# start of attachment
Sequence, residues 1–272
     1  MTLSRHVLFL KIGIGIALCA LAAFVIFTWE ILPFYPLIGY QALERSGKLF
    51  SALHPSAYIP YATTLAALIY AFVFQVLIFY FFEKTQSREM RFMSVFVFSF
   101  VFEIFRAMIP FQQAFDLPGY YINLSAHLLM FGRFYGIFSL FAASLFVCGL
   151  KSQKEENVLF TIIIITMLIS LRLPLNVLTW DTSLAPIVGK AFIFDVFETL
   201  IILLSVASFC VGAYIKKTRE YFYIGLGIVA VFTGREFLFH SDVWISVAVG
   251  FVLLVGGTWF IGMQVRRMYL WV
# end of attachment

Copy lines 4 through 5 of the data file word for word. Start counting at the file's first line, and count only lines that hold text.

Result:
   101  VFEIFRAMIP FQQAFDLPGY YINLSAHLLM FGRFYGIFSL FAASLFVCGL
   151  KSQKEENVLF TIIIITMLIS LRLPLNVLTW DTSLAPIVGK AFIFDVFETL